Dogs are classified into five groups in British countries by show promoting organizations, namely, Terriers, Toys, Gundogs, Sporting, Non-Sporting. In the U.S. an additional group, Working, which takes in all stock and police dogs, is added.

All terriers, with the exception of Sydney Silky and Yorkshire Terriers, are included in the Terrier group. The two varieties mentioned are included in the Toy group. The Boston Terrier, a new arrival here, is in the Non-Sporting group. This includes Pekingese, Pomeranians, Pugs, Poodles (miniature), Maltese, Maltipoos, Papillons, King Charles Spaniels, in addition to Sydney Silky and Yorkshire Terriers.

The Gundog group is confined to all hunting Spaniels (Cockers and Springers are the only known ones here), Setters, Pointers and Retrievers.

The Sporting group includes Beagles, Foxhounds, Harriers, Greyhounds, Whippets, Deerhounds, Borzois, Basenjis, Dachshunds, and Irish Wolfhounds. Many people are under the impression that Beagles are Gundogs because they are almost invariably accompanied by a shooter on a day’s outing. They are hunters.

A Gundog’s job is to locate the game for his master and indicate its whereabouts by “pointing” to the spot. The shooter approaches, the dog drops flat and remains there until directed to retrieve it, after it is shot. Imagine trying to keep a Beagle or Harrier off the game when the shooter locates it.

Every member of the Sporting group is a hunter and killer. Incidentally, this group is highly favored by countrymen for keeping their properties free from pests. Terriers have a similar attitude to wildlife and enjoy a day’s hunting with the best of them.

The remaining breeds are classified as Non-Sporting.

Feeding a puppy

A puppy requires a high amount of protein during the first 90 days after weaning. The extra protein enables him to cope better with emergencies in early life, such as disease or parasites. Proper nourishment will help develop immunity.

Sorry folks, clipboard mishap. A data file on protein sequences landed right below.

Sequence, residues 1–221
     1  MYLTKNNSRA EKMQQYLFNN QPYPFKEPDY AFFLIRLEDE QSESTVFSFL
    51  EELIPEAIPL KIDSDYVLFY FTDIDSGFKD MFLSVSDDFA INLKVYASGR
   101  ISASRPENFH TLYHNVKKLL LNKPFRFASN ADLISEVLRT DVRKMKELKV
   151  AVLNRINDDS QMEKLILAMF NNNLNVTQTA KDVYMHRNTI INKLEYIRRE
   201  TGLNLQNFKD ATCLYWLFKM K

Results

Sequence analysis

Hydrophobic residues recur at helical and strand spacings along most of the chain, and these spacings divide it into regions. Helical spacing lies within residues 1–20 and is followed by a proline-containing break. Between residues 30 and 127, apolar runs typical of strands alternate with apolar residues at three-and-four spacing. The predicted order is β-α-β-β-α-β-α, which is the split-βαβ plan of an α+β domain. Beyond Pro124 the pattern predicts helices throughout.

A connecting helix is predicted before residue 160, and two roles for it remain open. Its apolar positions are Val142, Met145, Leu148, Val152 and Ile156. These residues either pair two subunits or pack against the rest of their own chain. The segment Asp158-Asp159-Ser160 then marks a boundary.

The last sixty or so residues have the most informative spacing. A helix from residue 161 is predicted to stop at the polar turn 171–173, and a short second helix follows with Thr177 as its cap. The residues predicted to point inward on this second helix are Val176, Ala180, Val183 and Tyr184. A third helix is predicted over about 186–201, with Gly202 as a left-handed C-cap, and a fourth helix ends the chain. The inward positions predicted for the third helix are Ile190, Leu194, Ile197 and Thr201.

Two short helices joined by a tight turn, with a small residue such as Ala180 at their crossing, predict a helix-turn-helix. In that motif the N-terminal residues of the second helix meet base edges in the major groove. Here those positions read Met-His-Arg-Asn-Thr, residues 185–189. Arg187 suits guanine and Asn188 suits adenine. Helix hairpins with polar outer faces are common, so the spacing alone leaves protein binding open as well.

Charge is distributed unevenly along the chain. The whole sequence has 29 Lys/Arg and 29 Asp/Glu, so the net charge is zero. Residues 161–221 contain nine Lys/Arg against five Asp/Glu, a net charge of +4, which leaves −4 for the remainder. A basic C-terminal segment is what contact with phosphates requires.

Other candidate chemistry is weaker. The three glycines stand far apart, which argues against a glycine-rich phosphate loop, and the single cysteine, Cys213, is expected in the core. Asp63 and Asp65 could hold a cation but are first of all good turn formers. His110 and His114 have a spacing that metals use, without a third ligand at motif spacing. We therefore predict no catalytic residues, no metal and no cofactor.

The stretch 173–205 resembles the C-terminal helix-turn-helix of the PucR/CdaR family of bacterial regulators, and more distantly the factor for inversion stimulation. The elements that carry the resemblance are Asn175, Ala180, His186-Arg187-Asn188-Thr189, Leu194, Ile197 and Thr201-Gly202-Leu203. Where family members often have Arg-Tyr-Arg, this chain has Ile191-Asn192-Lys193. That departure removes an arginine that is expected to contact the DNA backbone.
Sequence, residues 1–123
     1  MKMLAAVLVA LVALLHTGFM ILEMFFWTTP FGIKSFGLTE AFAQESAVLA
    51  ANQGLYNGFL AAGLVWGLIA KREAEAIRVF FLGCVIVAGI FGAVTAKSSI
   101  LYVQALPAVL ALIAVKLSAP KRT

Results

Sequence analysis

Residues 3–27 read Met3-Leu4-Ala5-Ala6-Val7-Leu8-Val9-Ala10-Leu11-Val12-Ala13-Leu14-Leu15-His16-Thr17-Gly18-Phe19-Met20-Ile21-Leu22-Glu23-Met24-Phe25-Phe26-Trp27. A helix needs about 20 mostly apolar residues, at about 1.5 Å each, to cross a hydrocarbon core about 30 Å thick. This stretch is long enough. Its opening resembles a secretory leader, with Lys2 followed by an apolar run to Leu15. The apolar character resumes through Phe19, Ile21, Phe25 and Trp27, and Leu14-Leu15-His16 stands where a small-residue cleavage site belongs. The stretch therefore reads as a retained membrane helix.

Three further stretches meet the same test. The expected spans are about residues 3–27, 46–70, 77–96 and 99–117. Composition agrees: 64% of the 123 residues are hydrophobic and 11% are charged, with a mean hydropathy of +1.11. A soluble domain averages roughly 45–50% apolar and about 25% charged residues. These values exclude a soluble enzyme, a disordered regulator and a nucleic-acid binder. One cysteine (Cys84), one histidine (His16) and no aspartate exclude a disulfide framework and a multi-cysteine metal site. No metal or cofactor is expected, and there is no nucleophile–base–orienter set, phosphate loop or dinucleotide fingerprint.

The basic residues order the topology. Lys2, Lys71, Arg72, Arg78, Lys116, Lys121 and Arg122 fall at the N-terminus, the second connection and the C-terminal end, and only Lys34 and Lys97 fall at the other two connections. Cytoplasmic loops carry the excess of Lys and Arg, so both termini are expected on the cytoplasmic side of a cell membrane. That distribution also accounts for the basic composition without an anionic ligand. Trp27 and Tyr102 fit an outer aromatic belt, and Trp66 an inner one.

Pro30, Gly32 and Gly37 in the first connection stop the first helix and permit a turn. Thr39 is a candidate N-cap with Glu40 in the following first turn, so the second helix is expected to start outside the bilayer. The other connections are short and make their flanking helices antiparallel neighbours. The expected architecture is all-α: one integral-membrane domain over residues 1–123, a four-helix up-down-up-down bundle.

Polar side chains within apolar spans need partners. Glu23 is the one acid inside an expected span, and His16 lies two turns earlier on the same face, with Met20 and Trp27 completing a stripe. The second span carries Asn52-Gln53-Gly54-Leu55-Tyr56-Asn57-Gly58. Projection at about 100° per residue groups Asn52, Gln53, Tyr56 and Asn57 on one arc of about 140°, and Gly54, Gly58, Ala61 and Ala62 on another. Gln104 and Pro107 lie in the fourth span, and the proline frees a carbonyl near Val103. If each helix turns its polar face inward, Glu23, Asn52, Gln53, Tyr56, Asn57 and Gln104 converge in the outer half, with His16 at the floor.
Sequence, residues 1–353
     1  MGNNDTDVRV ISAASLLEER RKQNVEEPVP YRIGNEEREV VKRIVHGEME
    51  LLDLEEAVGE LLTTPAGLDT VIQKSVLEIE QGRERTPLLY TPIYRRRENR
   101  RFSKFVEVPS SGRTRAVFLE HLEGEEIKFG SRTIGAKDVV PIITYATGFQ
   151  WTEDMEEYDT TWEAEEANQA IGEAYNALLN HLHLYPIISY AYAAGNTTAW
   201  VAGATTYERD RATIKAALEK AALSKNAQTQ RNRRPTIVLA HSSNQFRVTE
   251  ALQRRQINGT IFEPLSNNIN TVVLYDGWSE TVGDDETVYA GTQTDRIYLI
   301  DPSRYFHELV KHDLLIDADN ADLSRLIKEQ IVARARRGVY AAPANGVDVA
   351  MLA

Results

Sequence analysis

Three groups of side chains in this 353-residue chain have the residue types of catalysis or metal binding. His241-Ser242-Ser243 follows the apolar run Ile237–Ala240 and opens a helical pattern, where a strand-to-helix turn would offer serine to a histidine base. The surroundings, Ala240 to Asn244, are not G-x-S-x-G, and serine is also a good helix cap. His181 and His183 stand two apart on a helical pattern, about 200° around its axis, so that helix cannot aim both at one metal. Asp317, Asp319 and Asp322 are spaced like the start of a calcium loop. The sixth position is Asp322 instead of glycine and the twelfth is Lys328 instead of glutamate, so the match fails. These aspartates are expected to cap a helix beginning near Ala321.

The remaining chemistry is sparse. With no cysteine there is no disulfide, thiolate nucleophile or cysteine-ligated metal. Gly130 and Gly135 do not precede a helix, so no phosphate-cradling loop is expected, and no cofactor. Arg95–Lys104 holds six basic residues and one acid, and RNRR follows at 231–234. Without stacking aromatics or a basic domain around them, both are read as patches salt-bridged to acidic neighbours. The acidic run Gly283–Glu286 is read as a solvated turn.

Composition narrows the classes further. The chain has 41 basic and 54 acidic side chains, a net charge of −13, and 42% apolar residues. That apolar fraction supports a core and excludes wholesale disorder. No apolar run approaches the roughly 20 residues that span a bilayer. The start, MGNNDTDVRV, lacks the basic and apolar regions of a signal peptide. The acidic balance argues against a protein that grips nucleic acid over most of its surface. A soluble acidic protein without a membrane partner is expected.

Puppies vary in their food requirements. What may be sufficient for one may be a famine for another.

  • A weaning puppy should be fed 4 meals a day.
  • Between 4 and 6 months, 3 meals daily.
  • Between 6 months and a year, 2 meals a day.
  • After one year, most dogs require only one meal a day.

Each dog should be fed according to his needs, and quality and type of food. The delicate digestive system of a puppy at weaning requires a soft, bland diet. Baby foods are excellent.

Small breeds need more food per pound of bodyweight than large breeds. When most people see a St Bernard or a Great Dane, they shudder to think of the food bills. But the giants eat extremely large amounts of food only during the first year or year and a half of their growth. After they have reached maturity they don’t eat much more than a collie or a German shepherd.

The health of the puppy depends on the kinds of meals he is given. A good puppy chow provides a basic, well-balanced diet, and should make up the major part of the dog’s diet.

Puppies need variety in food as we do, and table scraps and leftovers are an excellent means of breaking up the monotony of the everyday diet. But they should be used as a supplement, and not as the main part of the diet.

Raw meat is more easily digested than cooked meat. Too much fat is not good for a puppy, although small amounts should be an integral part of the diet. Liver, tripe, and kidney are beneficial additives.

Egg yolks are excellent, raw, or cooked. For the first year, a puppy should have daily amounts of vitamins and minerals added to his food.

With their tender gums and growing teeth, most puppies enjoy gnawing on objects such as human flesh, expensive shoes, and antique furniture. The addition of crunchy food to the daily ration or an occasional large bone can provide distraction and therapy for teeth and gums.

Feeding a kitten

Weaning kittens may be started on a diet of baby food or high-protein baby cereal, mixed with warm water or milk. You can teach a young kitten to eat by sticking your finger into this mixture and letting him lick your finger clean. If he refuses, dab a little on his nose, and he will lick it off.

Gradually teach him to eat the food in a dish. As he begins to lap the cereal-milk mixture, add strained baby meat and a few drops of the vitamin-mineral supplement every day.

When he is completely weaned from his mother, he should have about 5 meals a day every 2 hours. Gradually, as his teeth come in, feed him finely minced or scraped raw beef in his cereal-milk mixture.

Other foods can be added to supplement his meals: commercial cat food, cooked fish, chopped and cooked poultry, egg yolks, small amounts of heart, kidney, or liver.

As he gets older, cut down to 4 meals a day while increasing the portions. When he is 4 months old, cut down to 3 meals, at 6 months, 2 meals. After one year usually one meal a day will satisfy most cats, although some continue to prefer 2.

Diet